Computational model offers insight into mechanisms of drug-coated balloons.
First in a two-part series (Read part two: "From biotech to high-tech")
Kendall Square, the tech hub abutting MIT’s campus, is known today as an innovation powerhouse, thanks to its access to intellectual capital — primarily, talent and resources at nearby universities and world-class hospitals. An influx of high-tech and biotech multinationals have expanded or plan to expand in Kendall Square, a district that’s already dense with startups and other companies.
But this wasn’t always the case: For decades Kendall Square was a sprawling jungle of industrial factories, open space and parking lots. It began its rise in the 1980s and ’90s, growing slowly and reaching its position as a tech epicenter only in recent years. Rising with Kendall were companies opened there by MIT entrepreneurs during different stages of its ascension: These companies grew into large businesses — in some cases, even industry leaders — in a setting that cultivated an influx of intellectual capital and a culture of innovation.
Notable offspring of this MIT-Kendall synergy include global biotech giant Biogen Idec, co-founded by Institute Professor Phillip Sharp in 1978; leading Internet content-delivery network Akamai, co-founded in 1998 by former professor of applied mathematics Tom Leighton and Daniel Lewin ’98; and HubSpot, a fast-growing marketing-software company co-founded in 2006 by Brian Halligan MBA ’05 and Dharmesh Shah SM ’06.
These companies owe their success not only to their innovative ideas, novel technology and expertise — but also to location, location, location.
Biogen and the rise of biotech
Biogen (now Biogen Idec) situated itself in Kendall Square in the 1980s, on the cusp of the area’s biotech growth spurt. It was a good time to open up shop, says Sharp, who co-founded Biogen in Geneva in 1978. “Being early gave us access to resources and access to outstanding people that helped us lead,” he says.
In 1983, the company opened its first U.S. facility, dedicated to research and development and some manufacturing, in the heart of Kendall Square — where it still stands. While Sharp says Kendall was, at the time, “a vacant lot,” the co-founders saw it as an advantageous location: It was near top molecular biologists at MIT and Harvard University, and close to a business-savvy community in Boston. “Just like it was easy to recruit business people [to Kendall], it was much easier to recruit outstanding scientists with Biogen located on the edge of MIT,” Sharp says.
Additionally, Cambridge had been the first city in the world, in 1976, to establish a local ordinance regulating research with recombinant DNA; in the early 1980s, Biogen’s novel research involved isolating, synthesizing and sequencing genes with therapeutic properties to treat diseases. The city and the company reached an agreement on how to practice genetic research, easing Biogen’s way in earning licensure and municipal support for research.
“Having a set of rules to play by took the uncertainty out of the equation,” Sharp says. “This is a classic example of how fundamental breakthrough science at universities sparks innovation in a new economic development in society.”
After three decades in Kendall Square, having tapped a steady stream of local talent, Biogen Idec is a global leader in synthesizing therapeutics to treat diseases including cancer and multiple sclerosis. As of 2012, the company has $5.5 billion in annual revenue and employs roughly 5,000 people worldwide. It has also opened several more facilities in Kendall Square, with yet another currently under construction.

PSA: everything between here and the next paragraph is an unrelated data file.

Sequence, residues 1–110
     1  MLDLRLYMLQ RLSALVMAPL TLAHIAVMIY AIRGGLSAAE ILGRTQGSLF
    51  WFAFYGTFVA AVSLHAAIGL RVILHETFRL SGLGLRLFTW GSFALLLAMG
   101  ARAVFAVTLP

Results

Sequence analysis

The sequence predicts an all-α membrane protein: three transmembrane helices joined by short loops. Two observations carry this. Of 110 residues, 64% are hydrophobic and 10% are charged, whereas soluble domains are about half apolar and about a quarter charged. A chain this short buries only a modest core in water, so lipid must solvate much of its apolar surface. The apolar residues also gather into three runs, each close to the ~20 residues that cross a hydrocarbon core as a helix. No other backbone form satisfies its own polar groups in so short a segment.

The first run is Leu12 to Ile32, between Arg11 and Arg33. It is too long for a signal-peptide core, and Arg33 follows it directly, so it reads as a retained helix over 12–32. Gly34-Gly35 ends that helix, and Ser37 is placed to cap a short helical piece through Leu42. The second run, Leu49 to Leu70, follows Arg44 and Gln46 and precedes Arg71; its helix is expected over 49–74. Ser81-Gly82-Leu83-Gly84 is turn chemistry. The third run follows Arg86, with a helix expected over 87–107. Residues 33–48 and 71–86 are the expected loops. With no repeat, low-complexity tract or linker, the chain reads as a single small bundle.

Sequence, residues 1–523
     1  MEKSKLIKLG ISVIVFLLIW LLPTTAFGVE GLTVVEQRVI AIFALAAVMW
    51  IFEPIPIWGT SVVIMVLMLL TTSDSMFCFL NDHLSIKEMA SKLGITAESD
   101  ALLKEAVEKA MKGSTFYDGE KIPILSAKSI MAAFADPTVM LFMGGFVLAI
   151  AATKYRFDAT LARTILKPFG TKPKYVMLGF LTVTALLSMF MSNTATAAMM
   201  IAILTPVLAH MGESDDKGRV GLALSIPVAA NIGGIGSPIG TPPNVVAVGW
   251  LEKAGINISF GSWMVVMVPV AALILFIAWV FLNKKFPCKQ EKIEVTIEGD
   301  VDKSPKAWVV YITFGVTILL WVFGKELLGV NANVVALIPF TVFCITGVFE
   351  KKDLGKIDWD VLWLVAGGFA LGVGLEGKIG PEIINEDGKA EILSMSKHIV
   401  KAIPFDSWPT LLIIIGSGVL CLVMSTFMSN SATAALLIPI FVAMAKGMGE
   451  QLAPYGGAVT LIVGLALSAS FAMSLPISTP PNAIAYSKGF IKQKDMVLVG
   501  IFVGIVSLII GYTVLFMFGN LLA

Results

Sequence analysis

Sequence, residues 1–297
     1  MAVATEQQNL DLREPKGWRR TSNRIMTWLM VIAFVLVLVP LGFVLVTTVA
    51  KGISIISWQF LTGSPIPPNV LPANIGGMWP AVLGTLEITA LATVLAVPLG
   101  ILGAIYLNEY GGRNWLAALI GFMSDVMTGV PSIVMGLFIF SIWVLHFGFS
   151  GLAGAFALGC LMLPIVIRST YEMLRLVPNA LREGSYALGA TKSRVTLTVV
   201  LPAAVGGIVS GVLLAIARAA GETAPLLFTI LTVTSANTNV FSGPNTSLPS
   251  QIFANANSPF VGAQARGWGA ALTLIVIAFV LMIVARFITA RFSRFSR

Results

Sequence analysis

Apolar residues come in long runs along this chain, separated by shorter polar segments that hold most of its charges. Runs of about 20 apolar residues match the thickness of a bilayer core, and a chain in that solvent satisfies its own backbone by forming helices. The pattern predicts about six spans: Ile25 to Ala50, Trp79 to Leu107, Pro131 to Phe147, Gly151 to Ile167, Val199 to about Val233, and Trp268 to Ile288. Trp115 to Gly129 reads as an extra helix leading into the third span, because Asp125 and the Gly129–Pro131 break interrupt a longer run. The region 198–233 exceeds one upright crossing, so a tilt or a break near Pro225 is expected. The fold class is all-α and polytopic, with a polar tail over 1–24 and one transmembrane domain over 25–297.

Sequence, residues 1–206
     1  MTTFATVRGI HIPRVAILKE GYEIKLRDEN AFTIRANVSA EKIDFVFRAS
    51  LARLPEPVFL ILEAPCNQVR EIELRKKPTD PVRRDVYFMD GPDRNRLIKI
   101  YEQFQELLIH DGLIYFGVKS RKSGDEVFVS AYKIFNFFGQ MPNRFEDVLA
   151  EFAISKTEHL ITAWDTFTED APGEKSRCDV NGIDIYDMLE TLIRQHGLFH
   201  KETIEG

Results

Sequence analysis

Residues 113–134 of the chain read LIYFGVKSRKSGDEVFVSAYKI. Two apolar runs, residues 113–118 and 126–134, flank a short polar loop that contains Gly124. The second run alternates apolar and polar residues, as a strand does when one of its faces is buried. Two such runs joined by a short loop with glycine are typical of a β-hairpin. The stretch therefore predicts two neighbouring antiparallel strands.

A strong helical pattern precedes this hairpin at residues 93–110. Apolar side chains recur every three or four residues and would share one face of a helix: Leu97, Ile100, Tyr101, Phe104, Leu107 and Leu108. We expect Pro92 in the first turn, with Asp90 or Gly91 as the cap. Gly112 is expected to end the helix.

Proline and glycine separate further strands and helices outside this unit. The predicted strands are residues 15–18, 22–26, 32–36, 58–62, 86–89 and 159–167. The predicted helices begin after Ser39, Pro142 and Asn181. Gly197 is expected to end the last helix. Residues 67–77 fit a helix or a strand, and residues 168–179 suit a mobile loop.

Sharp left Biogen Idec in 2009, having served on its board of directors for nearly 27 years and chaired its scientific board for many years. Over that time, he watched numerous biotech firms and other businesses rise around his company — bringing a surge of talent and innovation to Kendall Square that he compares to feeding a flame.
“If you have a little fire in the fireplace it’ll burn, but if you then add logs around it, the little fire in the middle will get more intense,” Sharp says. “As more biotech has developed in Kendall, it means there has been more expertise, more sophisticated people. A big community of excellent people where there’s an openness will stimulate everyone to get better, and that’s what this community is about.”
Indeed, Kendall Square’s reputation for innovation has drawn multinational firms such as Novartis, Pfizer and Genzyme, with several more planning construction in the area. In fact, researchers at the MIT Sloan School of Management found in 2009 that life-sciences companies in Kendall — a single neighborhood — accounted for two-thirds of all research and development expenditures by Massachusetts biotech firms. Sharp finds the area so beneficial for biotech that he co-founded in 2002 another startup there: Alnylam Pharmaceuticals, which specializes in RNA interference, a means of controlling active genes.
“The innovation in life science has accelerated and continues to accelerate: New things are appearing almost weekly,” Sharp says. “And to keep abreast of that innovation, companies want to be close to where it’s being generated, and that’s in large part in academic labs, in hospitals, in medical schools, [and] Boston has a collection of the premier ones in the country.”
Indeed, the Boston Consulting Group in 2010 labeled Kendall Square as the most scientifically and economically innovative square mile in the world — but just how accurate is this assessment?
Although difficult to quantify, Sharp says, “Everything that I see about the community is consistent with that. It’s all located on the Red Line, with MIT sitting there as a large generator of heat that keeps boiling. I don’t think we should view this as [Kendall’s] mature state. I think it’s going to evolve and change and, if anything, get more dense.”
Tomorrow: From biotech to high-tech